A two-thermometer instrument also referred to as a wet-dry bulb used
to measure relative humidity (the amount of water vapor in the air).
Temperatures readings are converted using a relative humidity table.

Barometer

The objective of this indicator is to use
appropriate instruments and tools to
collect weather data; therefore, the
primary focus of assessment should be
to apply a procedure to the tool that
would be needed to measure wind
speed, wind direction, air temperature,
humidity, and air pressure.

However, appropriate assessments
should also require students to identify
weather instruments that measure
certain weather conditions; interpret the
reading on the instrument for accurate
data; or interpret the scale on weather
instruments.
6th Grade Science Planning Guide
A tool used to measure air pressure in inches of mercury or millibars
(mb).

Rain gauge
A tool used for measuring the amount of precipitation in inches or
centimeters.

It is not essential for students to know make any of these
instruments; they need to use them to collect weather data accurately.
Students do not need to know how to use a hygrometer.

6Sd.6: Predict weather
conditions and patterns
based on weather data
collected from direct
observations and
measurements, weather
maps, satellites, and radar.


It is essential for students to know weather conditions and patterns
can be predicted based on weather data collected from various
sources.

Direct Observations and Measurements
Basic weather conditions can be observed and/or measured (using
the instruments listed in 6-2.5) or obtained from meteorologists at
national weather data collection sites.
In order to make weather predictions, the data should be collected
on a regular basis over a period of time.
This allows for the development of patterns in weather conditions
from the analysis of the data.
For example, a hurricanes path can be predicted using data on its
position over time (plotted on a hurricane tracking map), thereby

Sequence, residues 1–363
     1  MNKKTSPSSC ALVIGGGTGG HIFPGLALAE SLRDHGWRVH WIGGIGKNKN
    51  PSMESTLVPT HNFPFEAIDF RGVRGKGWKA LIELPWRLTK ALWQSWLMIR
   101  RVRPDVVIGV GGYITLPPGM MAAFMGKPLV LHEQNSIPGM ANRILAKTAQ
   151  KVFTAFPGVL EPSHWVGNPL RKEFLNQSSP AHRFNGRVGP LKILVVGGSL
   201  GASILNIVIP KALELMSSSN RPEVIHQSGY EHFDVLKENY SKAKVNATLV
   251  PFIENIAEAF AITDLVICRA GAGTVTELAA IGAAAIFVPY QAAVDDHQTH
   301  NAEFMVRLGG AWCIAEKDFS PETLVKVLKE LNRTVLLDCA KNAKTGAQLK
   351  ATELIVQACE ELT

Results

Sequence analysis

allowing meteorologists to make predictions concerning the
possible warnings to land areas in the hurricanes path.

Weather maps
Weather maps can help predict weather patterns by indicating high
or low pressure systems (isobars), movement
of air masses and fronts, or temperature
ranges (isotherms).
Station models from specific locations provide
information that can also be used to predict
weather patterns.
Information found on a station model can include cloud cover,
temperature (85F), wind direction and speed, precipitation (* -
snow, rain), or barometric pressure (1002 mb).


The objective of this indicator is to
predict weather conditions and patterns
based on weather data collected from
direct observations and measurements,
weather maps, satellites, and radar;
therefore, the primary focus of
assessment should be to take the
presented materials from direct
observations and measurements, from
weather maps, satellite images, and
radar and use that information to show
what might happen to local or national
weather conditions.

However, appropriate assessments
should also require students to interpret
a weather map, station model, or
hurricane tracking map; compare a
series of weather maps to show
patterns or weather system movement;
or identify weather symbols commonly
found on weather maps.


6th Grade Science Planning Guide
Satellites
Satellite images are used for seeing cloud patterns and
movements.
For example, hurricane clouds and movement can be observed
using satellite images.

Radar
Radar images can be used to detect cloud cover, rainfall or storm
location, intensity, and movement, as well as the potential for
severe weather (for example, hurricanes or tornadoes).



It is not essential for students to know how to draw weather maps or